“The Deepest Chasm Of Grief”: How Bereavement Doulas Help Women Heal After Stillbirth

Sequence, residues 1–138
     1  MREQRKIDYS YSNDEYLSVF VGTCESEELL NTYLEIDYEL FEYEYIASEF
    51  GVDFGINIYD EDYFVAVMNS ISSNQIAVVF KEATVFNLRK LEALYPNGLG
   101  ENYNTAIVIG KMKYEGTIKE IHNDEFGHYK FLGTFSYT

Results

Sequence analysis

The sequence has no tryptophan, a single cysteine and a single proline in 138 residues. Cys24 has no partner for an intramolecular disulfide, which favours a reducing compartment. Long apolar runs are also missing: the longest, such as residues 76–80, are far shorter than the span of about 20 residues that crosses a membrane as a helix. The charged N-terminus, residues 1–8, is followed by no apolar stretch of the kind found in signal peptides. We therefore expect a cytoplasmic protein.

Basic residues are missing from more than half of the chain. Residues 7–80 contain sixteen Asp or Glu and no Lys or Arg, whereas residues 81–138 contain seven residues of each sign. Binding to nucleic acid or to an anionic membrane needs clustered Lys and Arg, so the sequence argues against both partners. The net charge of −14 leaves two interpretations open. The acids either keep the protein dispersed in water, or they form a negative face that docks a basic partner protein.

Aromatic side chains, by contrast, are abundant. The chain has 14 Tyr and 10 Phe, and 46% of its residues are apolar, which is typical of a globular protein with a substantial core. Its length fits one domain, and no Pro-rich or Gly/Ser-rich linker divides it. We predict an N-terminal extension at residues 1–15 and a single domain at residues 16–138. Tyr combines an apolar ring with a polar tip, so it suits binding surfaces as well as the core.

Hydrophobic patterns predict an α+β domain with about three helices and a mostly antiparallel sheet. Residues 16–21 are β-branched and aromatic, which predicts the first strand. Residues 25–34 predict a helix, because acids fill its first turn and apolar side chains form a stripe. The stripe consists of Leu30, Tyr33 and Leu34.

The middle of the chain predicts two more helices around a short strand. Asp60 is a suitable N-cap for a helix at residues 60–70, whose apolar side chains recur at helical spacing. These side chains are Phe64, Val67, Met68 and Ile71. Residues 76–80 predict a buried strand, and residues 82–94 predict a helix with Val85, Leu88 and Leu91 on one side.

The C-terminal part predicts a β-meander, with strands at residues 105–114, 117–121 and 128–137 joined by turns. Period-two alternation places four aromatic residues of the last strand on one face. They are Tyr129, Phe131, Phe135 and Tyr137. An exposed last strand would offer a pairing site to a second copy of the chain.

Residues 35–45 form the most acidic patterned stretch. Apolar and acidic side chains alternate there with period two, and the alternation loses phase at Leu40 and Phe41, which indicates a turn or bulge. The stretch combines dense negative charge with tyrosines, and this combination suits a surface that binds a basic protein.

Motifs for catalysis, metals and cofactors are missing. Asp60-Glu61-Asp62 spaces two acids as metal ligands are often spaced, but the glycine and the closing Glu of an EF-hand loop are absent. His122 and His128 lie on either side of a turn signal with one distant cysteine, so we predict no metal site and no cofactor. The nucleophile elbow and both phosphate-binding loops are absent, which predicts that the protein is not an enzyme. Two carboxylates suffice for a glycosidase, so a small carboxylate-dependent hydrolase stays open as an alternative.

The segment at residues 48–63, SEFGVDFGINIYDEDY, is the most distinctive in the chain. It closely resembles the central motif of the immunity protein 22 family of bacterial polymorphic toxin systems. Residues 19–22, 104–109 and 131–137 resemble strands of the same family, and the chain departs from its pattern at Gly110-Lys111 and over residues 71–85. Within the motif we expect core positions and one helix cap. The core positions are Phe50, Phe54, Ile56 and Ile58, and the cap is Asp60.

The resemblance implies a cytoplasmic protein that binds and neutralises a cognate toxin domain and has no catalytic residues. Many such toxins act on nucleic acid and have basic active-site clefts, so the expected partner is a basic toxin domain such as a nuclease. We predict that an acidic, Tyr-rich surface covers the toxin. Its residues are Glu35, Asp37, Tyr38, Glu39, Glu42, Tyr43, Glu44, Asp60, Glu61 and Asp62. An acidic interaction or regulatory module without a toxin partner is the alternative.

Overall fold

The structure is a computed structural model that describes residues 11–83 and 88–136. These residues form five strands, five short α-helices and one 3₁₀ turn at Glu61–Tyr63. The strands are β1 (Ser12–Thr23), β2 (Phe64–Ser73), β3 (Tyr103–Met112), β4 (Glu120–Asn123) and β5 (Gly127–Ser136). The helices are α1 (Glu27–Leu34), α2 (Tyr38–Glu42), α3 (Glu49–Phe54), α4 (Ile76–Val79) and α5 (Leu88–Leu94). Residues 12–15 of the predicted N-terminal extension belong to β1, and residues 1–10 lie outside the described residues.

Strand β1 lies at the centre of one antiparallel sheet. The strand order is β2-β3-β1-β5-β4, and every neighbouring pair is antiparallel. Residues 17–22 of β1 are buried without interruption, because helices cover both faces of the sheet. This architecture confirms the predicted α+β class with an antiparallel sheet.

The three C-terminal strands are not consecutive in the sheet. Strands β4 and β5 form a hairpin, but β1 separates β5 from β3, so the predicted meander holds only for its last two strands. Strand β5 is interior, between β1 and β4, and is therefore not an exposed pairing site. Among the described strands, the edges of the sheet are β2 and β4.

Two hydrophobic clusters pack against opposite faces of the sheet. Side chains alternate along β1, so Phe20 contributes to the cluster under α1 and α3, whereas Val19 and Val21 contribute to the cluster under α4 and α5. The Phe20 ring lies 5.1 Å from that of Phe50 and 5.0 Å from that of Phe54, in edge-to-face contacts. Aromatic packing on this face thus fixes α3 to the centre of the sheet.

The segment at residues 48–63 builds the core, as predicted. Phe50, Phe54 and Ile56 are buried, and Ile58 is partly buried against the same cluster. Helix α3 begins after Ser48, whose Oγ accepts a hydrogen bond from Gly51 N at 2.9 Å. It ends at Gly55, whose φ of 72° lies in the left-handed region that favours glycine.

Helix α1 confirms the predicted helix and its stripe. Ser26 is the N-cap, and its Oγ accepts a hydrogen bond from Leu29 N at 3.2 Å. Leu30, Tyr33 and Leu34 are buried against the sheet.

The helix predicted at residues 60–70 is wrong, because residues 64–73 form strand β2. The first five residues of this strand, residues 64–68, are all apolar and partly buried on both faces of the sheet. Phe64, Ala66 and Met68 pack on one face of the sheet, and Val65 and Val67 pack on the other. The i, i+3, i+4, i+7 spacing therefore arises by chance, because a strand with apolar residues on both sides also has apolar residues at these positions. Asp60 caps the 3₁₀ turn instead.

But when it was time to say goodbye, Jacobs struggled. She said she met with two social workers before leaving the hospital, but remembers “they sat as far away from me as they could, like I had a disease, like I was contagious.” A third social worker was more helpful, Jacobs says. Over the course of an hour, that third social worker also asked Jacobs if  she was thinking about harming herself. “Because I said I wanted to be with my daughter, that was a red flag for her, so she asked me if I was suicidal, and I said I don’t think so, but I didn’t really know at that point.”